I have read through the side car bill, and will read it closely tomorrow on a train ride to Washington, D.C. This is mostly as reported and noted in the document released by the President prior to the summit in late February. The most notable change compared to what has been discussed over the last 10 days or so is the exclusion of a new federal role to regulate insurance premiums for private insurance companies; that is not in the side car/reconciliation bill.
The thing I like the least about the side car is the delay of the tax on high cost insurance (until 2018 for all policies) becuse this reduces the cost saving potential of the bill. The lost revenue is made up via applying the Medicare payroll tax to unearned income for those with incomes above $250,000. The cost savings of the high cost insurance tax provision is increased in the second decade and the subsidies reduced in the second decade, making the cost saving attributes of the legislation get stronger over time.
I would gladly vote for this bill because I believe it provides a clear step toward developing a sustainable health care system. We wouldn't be there (to sustainability) if this was the last step, but it is a good step. I should say clearly that I don't believe there is any hope of dealing with cost inflation without moving toward covering everyone first. Or at least there is no practical way to do so....meaning that if we systematically denied care to the uninsured and they got nothing you could slow cost inflation, but I don't believe we as a society will or should do that. We are now in no man's land. The rescue principle operates, but we do not have a practical way of guaranteeing cover for everyone.
As with much of the debate the past year, the focus now is on process. The deem and pass strategy is dumb and bad politics so far as I can tell. But, I strongly prefer the bill passing with this strategy to no bill.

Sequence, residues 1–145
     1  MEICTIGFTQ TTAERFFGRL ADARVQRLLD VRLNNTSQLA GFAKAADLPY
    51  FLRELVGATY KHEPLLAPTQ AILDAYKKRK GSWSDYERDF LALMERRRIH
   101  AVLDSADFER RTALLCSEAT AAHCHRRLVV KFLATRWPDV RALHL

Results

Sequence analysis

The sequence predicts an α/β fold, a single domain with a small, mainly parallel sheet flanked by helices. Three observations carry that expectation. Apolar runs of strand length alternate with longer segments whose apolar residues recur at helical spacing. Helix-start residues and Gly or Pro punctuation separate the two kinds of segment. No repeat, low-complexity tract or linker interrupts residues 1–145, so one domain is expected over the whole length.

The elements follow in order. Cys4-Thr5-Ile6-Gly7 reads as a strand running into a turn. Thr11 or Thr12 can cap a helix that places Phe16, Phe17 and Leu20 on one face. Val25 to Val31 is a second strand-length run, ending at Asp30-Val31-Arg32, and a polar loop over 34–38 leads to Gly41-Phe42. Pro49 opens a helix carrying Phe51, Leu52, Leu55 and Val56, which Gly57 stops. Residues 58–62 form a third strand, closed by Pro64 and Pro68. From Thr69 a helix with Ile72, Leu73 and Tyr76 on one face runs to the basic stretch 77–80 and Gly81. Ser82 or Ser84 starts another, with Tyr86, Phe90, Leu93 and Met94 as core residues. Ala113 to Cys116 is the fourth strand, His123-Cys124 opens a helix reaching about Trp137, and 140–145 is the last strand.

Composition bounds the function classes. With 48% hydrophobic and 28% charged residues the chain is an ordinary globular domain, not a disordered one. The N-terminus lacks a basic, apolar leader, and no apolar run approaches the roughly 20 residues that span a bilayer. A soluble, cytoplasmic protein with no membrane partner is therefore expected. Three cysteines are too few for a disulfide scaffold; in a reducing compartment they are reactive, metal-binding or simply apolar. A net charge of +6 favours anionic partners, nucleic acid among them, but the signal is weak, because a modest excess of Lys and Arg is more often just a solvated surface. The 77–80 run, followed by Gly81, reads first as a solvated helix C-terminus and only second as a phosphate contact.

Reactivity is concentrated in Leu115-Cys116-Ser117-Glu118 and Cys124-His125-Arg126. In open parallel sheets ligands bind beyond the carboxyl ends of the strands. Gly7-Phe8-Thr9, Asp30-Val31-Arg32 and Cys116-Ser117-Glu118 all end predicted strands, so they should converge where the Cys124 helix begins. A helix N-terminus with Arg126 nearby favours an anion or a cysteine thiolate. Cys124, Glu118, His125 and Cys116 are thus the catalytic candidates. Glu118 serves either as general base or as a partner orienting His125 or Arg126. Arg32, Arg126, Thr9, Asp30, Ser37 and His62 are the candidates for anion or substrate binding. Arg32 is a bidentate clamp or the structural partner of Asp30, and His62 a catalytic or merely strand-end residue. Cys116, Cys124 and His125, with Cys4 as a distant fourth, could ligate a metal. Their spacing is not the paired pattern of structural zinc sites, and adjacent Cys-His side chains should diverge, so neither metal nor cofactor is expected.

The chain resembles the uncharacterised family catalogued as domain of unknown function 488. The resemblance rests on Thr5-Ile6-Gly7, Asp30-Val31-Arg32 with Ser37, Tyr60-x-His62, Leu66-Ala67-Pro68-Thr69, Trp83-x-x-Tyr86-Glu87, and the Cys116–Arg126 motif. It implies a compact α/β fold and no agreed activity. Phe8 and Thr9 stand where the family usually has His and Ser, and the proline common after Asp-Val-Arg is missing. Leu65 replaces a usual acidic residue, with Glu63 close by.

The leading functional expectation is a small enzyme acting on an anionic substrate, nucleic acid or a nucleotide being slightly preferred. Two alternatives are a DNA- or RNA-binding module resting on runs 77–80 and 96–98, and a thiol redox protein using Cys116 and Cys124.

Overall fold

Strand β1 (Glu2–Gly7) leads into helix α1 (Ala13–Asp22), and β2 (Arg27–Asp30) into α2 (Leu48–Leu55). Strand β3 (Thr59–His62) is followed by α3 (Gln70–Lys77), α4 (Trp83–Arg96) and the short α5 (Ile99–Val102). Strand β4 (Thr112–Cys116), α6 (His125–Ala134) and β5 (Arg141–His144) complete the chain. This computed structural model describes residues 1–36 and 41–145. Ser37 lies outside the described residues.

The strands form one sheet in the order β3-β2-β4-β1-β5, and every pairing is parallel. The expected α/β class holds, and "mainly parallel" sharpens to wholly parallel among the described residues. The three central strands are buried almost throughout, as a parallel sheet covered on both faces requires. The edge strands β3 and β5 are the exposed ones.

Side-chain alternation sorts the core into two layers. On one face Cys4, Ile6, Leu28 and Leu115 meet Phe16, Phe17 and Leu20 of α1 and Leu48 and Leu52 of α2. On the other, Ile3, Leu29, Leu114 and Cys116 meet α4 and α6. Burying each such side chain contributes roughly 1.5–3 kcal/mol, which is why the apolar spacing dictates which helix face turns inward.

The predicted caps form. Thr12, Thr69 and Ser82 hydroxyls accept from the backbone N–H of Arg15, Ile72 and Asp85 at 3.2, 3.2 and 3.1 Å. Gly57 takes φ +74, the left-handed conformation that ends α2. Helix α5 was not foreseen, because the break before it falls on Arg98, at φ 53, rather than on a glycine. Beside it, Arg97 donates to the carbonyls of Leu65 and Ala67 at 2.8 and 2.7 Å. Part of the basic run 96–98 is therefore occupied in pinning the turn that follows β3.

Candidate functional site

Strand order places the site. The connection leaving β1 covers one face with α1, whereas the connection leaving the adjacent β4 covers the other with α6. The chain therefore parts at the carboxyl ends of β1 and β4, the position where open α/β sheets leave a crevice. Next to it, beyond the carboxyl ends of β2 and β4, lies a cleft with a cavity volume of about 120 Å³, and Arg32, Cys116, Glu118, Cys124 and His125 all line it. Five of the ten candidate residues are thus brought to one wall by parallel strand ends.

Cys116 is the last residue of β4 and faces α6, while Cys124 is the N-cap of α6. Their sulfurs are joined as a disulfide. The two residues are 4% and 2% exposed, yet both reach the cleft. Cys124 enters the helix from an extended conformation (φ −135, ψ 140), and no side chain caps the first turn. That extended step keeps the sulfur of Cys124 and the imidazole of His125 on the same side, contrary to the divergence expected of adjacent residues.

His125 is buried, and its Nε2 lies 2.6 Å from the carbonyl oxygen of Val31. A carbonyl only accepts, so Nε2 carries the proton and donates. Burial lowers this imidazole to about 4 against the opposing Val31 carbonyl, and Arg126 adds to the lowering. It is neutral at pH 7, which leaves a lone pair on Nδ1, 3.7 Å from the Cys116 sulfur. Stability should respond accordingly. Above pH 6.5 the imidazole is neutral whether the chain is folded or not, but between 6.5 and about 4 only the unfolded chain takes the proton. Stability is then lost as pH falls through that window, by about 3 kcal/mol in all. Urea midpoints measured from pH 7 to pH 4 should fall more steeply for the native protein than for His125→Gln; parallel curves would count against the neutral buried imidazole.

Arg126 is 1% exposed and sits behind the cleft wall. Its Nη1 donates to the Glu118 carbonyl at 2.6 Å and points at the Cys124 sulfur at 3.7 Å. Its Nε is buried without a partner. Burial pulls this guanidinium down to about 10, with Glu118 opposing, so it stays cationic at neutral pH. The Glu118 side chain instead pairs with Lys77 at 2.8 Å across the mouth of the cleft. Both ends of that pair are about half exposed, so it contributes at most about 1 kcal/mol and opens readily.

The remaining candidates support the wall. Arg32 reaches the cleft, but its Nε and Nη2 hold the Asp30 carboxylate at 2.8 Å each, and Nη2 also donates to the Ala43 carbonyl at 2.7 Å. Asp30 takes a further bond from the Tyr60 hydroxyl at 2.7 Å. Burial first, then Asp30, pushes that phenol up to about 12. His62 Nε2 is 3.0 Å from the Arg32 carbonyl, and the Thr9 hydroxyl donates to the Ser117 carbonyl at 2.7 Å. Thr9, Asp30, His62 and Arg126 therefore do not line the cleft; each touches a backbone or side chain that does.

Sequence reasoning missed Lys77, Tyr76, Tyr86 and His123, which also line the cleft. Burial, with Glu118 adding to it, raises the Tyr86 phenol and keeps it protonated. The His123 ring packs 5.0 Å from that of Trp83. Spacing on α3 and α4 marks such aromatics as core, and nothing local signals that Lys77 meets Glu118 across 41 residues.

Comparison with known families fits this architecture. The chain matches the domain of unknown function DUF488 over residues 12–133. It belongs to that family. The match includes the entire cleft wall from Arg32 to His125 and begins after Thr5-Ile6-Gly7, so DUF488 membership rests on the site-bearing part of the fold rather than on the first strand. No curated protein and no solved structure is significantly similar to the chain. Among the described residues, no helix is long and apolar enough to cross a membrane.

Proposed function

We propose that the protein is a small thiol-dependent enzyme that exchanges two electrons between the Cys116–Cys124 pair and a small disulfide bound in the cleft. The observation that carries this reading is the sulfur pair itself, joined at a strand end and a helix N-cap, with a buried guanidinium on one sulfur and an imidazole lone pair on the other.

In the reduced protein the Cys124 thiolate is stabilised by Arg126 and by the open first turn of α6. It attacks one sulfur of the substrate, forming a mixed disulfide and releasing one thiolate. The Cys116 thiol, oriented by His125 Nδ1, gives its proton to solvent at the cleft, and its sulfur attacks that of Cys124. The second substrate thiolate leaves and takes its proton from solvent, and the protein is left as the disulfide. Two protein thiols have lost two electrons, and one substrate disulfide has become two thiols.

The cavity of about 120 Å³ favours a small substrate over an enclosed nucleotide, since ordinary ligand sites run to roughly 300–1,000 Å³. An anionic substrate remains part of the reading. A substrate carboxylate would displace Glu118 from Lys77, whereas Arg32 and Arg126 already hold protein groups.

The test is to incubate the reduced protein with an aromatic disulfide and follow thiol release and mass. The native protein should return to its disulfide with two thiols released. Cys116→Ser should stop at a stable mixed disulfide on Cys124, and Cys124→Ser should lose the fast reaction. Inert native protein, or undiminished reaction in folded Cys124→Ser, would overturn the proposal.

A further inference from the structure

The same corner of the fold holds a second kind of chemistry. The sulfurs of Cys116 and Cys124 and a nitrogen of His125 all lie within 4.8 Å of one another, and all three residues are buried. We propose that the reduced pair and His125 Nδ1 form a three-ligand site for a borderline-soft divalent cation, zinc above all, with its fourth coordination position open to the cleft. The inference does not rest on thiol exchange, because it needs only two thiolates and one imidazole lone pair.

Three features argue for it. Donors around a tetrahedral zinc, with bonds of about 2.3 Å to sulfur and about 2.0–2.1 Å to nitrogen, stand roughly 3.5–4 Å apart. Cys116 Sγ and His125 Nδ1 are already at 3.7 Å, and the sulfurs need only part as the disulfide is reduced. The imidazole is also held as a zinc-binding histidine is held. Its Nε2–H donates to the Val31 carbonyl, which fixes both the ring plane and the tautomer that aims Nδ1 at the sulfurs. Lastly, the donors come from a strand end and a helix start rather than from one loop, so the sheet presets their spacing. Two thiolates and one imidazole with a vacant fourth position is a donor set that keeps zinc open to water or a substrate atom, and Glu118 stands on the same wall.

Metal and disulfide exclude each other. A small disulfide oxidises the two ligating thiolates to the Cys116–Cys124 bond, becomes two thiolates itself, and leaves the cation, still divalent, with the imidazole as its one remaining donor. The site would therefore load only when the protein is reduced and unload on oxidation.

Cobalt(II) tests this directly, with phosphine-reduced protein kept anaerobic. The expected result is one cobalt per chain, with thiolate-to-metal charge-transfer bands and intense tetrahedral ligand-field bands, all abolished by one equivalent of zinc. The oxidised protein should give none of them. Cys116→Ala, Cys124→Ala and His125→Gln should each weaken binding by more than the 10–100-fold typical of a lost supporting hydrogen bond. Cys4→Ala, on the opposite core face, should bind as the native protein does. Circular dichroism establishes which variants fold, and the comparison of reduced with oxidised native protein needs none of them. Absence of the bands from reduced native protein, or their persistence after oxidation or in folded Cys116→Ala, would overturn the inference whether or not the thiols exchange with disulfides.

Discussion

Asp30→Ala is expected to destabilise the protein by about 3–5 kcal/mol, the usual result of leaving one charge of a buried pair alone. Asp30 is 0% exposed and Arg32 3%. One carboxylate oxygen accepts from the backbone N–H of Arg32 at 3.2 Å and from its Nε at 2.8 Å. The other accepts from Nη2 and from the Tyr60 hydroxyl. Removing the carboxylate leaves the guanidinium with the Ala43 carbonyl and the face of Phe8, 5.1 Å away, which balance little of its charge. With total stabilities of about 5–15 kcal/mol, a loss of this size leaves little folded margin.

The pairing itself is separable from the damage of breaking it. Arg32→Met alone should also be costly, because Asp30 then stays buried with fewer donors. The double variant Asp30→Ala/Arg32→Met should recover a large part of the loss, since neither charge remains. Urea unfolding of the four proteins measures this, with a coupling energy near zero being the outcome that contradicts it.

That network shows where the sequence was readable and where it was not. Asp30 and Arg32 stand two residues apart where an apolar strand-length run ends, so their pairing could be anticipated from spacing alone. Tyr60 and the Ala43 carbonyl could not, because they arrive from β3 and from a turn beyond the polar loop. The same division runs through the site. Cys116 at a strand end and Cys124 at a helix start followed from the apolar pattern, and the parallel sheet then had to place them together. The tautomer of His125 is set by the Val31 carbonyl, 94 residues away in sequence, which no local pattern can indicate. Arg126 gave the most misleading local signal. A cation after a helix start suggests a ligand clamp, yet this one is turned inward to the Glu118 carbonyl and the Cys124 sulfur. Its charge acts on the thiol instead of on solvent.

The real focus of what will happen this weekend should be this: either the Senate bill will become law, or it will be defeated once and for all. If the Senate bill is passed and signed by President Obama, 90% of this years reform discussion is over. The reconciliation bill could be defeated in the Senate, or amended and sent back to the House for more discussion, but the Senate bill will be law under either of these scenarios. And if the side car/reconciliation passes as is, the essence of the policy is still contained in the Senate bill.
The Senate bill does six fundamental things. First, it creates an individual mandate to purchase insurance. Second, it reforms insurance to ban pre-existing conditions and recission. Third, it sets up an insurance market in which uninsured persons and small businesses can shop for policies and hopefully benefit from competition among insureres. Fourth, it provides income-based subsidies for middle class persons (families ~$28,000-$88,000, sliding scale) to purchase private insurance and expands Medicaid for lower income persons. 32 Million persons will have insurance in 2019 who will otherwise be uninsured, taking us to 95% coverage of persons legally in the country. Fifth, the bill cuts planned Medicare spending and raises taxes to pay for the increased spending. The CBO says it reduces the deficit by $138 Billion over the first 10 years and $1.2 Trillion over the next 10. Care has been taken to do this in a responsible manner, certainly as compared to legislative actions of the past decade. Sixth, it has a kitchen sink approach to trying to slow health care cost inflation. Most of the big ideas are included.